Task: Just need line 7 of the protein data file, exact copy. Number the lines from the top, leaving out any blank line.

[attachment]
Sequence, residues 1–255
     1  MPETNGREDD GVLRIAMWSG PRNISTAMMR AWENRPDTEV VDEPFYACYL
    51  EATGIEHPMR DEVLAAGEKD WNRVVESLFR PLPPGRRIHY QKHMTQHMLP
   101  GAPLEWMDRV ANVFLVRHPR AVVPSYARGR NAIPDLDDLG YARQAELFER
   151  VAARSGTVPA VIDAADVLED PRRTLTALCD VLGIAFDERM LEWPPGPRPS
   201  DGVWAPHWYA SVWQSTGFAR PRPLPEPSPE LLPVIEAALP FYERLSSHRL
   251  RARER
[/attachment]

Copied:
   251  RARER